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Courage and Fear

Courage and Fear: Neurogenesis in the hippocampus generated by fear response in the amygdala
Fear, like all strong emotions, foments neurogenesis
and the integration of new neurons because emotionally charged
experiences are more salient, thus creating stronger memories.
Click the image to read the news article from the University of California
at Berkeley.  Peer-reviewed journal paper from Molecular Psychiatry
may be found here, by lies behind a pay firewall.

Courage is strength of anima—both mental and moral—to venture and persevere, to act in the face of fear, danger, and overwhelming difficulty. Confucius said that «it does not matter how slow you go so long as you do not stop.» This idea entails extraordinary determination; however, its lack of a time-constraint renders it more accurate for private life than for profit-seeking. Swift action is often required for business success. Frequently, timing is everything.

Fear paralyzes. As a flurry of recent neuropsychological experiments has corroborated, fear reduces the velocity of cognitive decision-making, and persistent fear over time decreases functional cerebral mass as millions of neurons shrink or die, widening the brain’s unproductive, anatomic cortical folds. In The Prince, Machiavelli noted the vast advantages of inspiring love instead of terror. A fleeting feeling of love is—inversely considered—an absence of fear, a state of vulnerability that compels action and foments a productive, happy society that precludes the appearance of conspirators. Despite acknowledging this, Machiavelli reluctantly recommended governing through terror-instigating measures solely because fear paralyzes individual and collective actions, thus thwarting rebellious uprisings.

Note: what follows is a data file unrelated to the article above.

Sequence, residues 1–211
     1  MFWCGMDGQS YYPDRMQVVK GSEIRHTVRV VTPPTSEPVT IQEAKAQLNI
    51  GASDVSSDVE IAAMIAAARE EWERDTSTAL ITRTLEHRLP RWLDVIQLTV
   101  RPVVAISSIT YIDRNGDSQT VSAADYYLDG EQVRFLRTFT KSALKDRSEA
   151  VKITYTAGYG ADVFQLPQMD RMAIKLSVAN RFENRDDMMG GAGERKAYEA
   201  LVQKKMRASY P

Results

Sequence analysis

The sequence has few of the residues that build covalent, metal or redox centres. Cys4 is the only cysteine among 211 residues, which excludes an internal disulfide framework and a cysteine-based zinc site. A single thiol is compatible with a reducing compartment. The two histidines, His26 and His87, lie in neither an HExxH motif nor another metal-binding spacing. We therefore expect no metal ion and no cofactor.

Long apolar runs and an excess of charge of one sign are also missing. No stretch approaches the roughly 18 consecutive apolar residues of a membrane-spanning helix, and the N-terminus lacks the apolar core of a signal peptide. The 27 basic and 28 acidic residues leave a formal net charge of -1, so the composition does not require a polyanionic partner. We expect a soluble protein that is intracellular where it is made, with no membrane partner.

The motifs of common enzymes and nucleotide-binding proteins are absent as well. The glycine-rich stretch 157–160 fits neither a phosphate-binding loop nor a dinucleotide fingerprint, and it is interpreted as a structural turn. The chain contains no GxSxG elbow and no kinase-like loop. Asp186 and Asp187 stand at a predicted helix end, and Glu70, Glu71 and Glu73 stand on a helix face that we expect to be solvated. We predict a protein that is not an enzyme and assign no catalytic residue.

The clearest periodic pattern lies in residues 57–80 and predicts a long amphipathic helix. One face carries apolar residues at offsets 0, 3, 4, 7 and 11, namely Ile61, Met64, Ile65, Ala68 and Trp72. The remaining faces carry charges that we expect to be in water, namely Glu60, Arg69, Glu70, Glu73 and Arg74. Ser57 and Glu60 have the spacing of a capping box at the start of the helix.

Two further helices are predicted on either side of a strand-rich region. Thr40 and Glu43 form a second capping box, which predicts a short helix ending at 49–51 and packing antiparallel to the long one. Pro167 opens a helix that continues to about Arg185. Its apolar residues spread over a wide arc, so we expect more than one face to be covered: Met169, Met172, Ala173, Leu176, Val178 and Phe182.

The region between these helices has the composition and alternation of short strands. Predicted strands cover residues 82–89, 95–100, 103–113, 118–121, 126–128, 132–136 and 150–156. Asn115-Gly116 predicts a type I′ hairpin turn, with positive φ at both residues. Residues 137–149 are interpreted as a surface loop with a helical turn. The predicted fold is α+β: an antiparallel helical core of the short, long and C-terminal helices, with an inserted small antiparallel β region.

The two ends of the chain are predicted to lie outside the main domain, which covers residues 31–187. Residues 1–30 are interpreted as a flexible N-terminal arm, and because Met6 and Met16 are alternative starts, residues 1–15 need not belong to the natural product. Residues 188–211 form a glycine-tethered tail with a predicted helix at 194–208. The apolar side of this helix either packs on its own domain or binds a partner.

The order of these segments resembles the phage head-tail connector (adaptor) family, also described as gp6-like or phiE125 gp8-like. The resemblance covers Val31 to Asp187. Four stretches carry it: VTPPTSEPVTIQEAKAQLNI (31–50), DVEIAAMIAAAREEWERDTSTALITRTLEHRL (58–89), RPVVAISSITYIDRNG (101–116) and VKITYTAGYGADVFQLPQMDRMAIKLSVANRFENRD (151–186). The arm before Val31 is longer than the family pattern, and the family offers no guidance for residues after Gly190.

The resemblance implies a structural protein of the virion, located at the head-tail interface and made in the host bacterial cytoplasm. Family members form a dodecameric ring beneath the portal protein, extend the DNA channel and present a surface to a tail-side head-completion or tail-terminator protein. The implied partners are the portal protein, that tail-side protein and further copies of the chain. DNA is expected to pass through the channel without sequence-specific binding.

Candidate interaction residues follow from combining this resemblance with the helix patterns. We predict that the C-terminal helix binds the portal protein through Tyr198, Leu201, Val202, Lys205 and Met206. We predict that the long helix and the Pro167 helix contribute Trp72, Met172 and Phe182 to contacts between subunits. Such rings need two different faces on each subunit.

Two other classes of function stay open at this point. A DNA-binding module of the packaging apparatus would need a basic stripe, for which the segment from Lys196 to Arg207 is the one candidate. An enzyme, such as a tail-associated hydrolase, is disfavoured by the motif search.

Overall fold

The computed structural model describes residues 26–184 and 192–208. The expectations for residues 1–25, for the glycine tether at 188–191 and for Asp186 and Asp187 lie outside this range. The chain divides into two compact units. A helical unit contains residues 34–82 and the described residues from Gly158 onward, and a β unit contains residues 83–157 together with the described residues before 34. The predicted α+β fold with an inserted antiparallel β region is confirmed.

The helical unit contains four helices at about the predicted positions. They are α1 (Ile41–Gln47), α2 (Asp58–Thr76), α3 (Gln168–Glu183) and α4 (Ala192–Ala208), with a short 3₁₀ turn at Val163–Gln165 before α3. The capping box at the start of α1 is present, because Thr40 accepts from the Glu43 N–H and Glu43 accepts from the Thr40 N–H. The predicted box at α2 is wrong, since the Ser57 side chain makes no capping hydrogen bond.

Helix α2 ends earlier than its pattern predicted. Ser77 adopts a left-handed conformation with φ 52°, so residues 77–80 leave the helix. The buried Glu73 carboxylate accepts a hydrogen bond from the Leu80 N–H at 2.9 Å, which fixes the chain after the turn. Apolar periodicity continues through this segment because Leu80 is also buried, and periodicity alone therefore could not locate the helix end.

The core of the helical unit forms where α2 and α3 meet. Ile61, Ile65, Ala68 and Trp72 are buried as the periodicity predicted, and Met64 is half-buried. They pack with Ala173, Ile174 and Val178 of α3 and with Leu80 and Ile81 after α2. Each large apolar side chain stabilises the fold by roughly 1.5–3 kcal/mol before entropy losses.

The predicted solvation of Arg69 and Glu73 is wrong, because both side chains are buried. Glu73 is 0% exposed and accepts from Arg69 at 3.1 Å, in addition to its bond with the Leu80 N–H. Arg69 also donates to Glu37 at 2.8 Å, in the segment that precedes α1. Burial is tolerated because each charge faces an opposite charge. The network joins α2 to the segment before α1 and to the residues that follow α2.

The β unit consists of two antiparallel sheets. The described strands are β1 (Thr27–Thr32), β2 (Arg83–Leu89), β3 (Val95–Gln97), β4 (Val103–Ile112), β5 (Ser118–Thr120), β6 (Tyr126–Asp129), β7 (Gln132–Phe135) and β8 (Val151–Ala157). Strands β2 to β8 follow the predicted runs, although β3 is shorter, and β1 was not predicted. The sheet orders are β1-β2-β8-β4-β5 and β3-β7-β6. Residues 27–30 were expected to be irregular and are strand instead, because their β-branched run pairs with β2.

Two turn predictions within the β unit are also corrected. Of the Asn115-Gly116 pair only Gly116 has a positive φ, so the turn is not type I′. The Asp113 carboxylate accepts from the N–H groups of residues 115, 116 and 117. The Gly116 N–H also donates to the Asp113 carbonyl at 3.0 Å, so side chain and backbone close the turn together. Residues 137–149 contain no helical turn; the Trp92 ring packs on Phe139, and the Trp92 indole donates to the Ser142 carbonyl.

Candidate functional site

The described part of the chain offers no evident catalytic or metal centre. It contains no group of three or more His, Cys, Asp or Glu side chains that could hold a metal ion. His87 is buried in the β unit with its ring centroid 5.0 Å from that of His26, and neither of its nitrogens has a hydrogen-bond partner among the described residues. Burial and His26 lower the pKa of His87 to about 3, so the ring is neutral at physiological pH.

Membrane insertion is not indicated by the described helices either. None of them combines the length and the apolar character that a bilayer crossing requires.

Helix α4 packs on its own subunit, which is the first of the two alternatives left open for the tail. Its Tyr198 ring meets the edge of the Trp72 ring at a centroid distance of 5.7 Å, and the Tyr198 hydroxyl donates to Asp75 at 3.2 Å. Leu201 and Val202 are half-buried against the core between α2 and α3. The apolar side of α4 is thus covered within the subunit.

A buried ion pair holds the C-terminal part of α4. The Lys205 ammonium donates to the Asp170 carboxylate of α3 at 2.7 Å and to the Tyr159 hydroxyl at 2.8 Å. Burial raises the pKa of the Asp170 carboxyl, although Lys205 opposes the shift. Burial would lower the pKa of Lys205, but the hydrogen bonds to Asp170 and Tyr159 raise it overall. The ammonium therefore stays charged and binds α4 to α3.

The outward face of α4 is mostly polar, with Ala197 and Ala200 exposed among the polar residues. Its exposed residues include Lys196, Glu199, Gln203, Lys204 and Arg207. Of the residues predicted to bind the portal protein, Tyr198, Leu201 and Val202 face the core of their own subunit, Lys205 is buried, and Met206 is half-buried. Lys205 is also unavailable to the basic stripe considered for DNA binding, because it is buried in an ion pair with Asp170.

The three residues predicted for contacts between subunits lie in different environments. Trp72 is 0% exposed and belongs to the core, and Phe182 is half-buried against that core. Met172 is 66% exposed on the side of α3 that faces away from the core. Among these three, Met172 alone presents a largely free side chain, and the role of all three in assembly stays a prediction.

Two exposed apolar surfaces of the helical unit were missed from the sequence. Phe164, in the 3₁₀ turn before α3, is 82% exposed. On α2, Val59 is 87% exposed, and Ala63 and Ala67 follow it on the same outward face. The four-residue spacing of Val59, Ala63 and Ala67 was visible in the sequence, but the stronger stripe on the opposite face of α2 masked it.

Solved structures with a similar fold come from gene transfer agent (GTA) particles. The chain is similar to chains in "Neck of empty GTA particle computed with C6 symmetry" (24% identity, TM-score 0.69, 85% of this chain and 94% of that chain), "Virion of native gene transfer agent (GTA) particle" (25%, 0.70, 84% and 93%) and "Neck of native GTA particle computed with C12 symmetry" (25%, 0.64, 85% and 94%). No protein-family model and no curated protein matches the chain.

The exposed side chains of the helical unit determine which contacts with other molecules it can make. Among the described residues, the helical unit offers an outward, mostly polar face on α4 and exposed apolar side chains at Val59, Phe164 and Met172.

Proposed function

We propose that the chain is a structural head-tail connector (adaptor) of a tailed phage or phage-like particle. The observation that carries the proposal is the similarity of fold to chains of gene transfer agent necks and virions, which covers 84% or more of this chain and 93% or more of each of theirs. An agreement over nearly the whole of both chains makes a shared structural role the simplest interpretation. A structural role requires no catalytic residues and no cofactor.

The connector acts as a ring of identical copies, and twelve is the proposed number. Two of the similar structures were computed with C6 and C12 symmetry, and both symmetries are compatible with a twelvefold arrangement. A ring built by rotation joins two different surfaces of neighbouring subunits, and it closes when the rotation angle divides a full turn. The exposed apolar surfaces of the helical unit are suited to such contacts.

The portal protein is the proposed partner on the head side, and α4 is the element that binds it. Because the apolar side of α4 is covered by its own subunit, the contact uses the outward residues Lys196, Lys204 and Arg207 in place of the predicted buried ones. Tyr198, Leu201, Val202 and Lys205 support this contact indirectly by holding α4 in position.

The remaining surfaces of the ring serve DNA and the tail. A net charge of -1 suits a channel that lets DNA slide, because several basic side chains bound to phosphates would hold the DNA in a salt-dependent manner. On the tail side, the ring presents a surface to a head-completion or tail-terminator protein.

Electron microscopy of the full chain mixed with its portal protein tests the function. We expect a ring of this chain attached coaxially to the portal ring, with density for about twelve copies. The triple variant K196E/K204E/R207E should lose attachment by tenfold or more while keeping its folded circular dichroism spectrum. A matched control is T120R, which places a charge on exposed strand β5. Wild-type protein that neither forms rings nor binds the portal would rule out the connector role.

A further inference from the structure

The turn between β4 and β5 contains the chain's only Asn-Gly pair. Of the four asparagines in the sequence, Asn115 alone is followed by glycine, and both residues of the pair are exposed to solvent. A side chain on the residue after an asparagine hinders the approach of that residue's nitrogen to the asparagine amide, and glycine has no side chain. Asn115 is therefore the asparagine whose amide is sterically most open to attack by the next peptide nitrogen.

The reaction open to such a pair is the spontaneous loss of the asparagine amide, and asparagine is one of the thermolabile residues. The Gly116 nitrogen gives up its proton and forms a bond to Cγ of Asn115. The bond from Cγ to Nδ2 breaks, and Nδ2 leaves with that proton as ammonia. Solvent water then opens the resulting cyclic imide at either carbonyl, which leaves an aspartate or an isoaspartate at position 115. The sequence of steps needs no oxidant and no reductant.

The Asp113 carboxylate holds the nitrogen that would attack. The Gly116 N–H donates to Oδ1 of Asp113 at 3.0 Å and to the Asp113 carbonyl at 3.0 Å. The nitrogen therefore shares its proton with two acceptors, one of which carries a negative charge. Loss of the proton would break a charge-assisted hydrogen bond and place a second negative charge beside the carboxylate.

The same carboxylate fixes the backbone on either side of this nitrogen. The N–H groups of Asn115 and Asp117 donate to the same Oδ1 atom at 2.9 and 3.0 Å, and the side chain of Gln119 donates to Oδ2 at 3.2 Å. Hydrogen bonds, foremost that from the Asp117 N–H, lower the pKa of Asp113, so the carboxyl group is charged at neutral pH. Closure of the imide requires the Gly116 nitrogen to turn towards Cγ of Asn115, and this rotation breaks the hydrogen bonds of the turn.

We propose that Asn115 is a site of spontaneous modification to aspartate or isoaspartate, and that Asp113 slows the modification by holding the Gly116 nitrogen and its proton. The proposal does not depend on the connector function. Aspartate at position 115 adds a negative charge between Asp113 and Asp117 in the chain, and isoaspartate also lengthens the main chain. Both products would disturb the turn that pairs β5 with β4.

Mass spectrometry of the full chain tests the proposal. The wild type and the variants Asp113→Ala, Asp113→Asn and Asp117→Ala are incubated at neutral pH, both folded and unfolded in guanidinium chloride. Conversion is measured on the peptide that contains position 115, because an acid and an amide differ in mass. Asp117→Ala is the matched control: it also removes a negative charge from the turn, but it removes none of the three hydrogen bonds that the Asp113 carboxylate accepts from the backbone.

Decelerated mental activity yields mediocre execution, professional conformity, and consequently, when widespread, the propagation of broken promises that pave the way for the materialization of a culture of rotten compromises. Because uprisings aren’t as great a concern to a CEO, COO, CFO or CIO as they are to a prince, managing by inspiring admiration, respect and love is pivotal to securing the long-term success and survival of any corporation. To deserve and receive respect, leaders must inspire courage in others. Empathy is necessary to earn the love of a subordinate or peer.

Mediocre leaders confuse fear with respect and compliments with love and admiration. Empathy demands that courage be rewarded. Combating conformity, on the other hand, requires imposing excellence as the nonnegotiable standard for all labor, as the maximum value of our work-ethic. Excellent execution necessitates a healthy dose of courage, which therefore merits reward and distinction whenever encountered. As a result, when a person defines his own hierarchy of values—his ethic—if he also places growth and excellence as categorically above his preferred value system, then the question of how and when to reward courage becomes moot. To that self-realized leader, any culture of rotten compromises is unacceptable and unlivable.

Originally published by the St. Gallen Symposium.

Also available at ResearchGate.

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